Major chip manufacturers are developing next-generation microprocessor designs that are heterogeneous/hybrid in nature, integrating homogeneous x86-based multicore CPU components and GPU components. The MAGMA (Matrix Algebra on GPU and Multicore Architectures) project’s goal is to develop innovative linear algebra algorithms and to incorporate them into a library that is
• similar to LAPACK in functionality, data storage, and interface
but targeting the
• next-generation of highly parallel, and heterogeneous processors.
This will allow scientists to effortlessly port any of their LAPACK-relying software components and to take advantage of the new architectures. MAGMA is designed to run on homogeneous x86-based multicores and take advantage of GPU components (if available). This is achieved by developing a class of multi-level blocking algorithms that split the computation into tasks of varying granularity (e.g. large for available GPUs) and dynamically scheduling their execution.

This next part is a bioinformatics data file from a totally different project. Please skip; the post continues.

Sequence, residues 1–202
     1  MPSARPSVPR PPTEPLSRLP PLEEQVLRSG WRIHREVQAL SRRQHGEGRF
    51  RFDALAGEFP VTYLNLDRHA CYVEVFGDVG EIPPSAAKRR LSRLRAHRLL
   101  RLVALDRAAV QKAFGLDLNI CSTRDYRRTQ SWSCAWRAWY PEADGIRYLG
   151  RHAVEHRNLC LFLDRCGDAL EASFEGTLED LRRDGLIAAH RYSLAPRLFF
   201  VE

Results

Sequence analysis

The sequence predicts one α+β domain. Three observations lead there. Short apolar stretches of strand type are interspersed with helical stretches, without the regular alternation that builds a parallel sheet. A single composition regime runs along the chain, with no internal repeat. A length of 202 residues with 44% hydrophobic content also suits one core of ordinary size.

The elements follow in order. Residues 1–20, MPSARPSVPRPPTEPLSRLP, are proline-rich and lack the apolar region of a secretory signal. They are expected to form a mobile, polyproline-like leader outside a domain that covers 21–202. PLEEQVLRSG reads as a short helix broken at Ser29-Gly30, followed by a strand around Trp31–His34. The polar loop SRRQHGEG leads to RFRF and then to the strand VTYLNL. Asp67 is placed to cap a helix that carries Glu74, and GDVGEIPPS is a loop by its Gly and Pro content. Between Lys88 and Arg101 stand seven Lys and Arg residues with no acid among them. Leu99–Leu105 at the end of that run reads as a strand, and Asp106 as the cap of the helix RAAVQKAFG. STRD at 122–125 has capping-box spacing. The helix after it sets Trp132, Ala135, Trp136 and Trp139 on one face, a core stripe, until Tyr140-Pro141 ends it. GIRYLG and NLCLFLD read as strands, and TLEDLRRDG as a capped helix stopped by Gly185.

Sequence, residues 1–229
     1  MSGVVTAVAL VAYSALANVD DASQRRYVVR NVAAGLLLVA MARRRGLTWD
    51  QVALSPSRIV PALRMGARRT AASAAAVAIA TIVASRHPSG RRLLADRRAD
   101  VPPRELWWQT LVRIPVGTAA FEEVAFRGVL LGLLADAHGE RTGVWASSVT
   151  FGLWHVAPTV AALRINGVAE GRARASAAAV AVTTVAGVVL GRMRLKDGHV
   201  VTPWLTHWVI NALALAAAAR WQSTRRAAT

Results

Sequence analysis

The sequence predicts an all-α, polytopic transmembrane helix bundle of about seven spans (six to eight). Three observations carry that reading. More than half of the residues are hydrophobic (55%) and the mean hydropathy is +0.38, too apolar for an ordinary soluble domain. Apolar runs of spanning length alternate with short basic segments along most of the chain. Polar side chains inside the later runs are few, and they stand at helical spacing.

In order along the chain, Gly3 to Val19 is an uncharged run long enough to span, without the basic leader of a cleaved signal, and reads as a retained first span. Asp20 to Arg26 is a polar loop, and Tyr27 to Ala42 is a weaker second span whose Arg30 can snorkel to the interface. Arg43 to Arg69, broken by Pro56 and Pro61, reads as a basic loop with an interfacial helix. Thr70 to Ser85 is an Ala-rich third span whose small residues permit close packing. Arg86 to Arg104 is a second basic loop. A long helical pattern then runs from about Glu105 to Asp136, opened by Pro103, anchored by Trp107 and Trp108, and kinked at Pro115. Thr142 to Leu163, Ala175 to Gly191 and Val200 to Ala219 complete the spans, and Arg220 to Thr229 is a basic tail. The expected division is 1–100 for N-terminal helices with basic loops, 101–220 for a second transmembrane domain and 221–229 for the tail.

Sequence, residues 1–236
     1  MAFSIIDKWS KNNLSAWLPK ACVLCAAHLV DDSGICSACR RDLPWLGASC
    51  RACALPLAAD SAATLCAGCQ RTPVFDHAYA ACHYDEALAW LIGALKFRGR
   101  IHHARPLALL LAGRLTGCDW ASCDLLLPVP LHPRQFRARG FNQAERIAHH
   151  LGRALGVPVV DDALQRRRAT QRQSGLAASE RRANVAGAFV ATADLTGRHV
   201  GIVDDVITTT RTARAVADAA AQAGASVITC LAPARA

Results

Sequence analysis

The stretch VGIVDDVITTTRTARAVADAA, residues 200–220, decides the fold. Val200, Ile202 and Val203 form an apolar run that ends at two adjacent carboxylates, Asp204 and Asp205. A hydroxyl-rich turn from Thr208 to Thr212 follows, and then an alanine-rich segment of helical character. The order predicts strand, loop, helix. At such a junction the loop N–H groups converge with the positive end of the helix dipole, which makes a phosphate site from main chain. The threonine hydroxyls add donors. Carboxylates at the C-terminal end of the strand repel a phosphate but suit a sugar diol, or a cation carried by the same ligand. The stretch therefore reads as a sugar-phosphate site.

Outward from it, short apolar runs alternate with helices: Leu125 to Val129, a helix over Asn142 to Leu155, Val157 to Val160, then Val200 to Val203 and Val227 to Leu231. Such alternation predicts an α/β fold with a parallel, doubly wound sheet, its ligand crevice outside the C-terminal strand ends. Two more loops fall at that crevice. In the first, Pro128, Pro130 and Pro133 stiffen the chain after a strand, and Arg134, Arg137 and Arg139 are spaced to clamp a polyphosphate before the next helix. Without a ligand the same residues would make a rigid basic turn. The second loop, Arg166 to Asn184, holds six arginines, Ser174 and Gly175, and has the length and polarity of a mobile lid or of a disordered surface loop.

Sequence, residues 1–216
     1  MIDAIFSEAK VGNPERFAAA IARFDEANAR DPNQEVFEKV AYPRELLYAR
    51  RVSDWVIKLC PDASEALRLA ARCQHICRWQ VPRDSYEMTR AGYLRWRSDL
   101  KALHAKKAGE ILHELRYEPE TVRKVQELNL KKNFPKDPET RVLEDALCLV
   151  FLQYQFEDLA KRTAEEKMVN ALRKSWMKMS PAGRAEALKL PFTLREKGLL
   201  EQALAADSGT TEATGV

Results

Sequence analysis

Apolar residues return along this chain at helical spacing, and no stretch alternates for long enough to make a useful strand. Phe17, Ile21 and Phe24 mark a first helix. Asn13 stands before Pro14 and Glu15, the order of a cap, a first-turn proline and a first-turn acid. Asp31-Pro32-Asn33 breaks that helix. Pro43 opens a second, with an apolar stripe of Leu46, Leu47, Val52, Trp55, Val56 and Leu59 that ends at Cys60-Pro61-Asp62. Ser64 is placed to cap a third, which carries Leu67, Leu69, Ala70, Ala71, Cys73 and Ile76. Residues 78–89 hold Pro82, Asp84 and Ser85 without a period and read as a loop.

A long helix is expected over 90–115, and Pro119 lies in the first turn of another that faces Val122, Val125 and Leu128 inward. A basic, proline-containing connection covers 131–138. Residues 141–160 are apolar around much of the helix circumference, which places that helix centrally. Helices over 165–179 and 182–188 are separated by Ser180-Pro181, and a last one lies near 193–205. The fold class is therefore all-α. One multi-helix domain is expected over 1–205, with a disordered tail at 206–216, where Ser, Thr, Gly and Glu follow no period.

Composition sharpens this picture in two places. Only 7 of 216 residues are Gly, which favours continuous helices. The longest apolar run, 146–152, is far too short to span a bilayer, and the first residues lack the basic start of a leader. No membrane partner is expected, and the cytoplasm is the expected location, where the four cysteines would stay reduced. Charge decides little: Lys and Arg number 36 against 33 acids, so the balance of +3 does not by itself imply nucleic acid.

The transition from small tasks (of small block size) to large tasks is done in a recursive fashion where the intermediate for the transition tasks are executed in parallel using dynamic scheduling. The new algorithms, when run on just homogeneous x86-based multicores, outperform vendor implementations (e.g. MKL) in LAPACK accuracy and data layout (no block data-layouts). Adding a GPU increases the performance proportionally to the GPU’s computational characteristics. These results are for the one-sided matrix factorizations – LU, QR, and Cholesky. Work on the two-sided factorizations, e.g. Hessenberg reduction, shows more drastic performance improvements (significantly exceeding an order of magnitude) when comparing homogeneous multicores to hybrid multicores+GPUs. The main reason for these performance improvements is mainly due to the fact that the two-sided factorizations have bandwidth limitations that can not be overcome using just homogeneous multicores. In addition to standard accuracy algorithms (LAPACK compliant accuracy), we develop algorithms within MAGMA that would allow a user-defined tradeoff between accuracy and speed. These algorithms are based on mixed-precision arithmetic and take advantage of GPU’s still much higher single vs double precision arithmetic.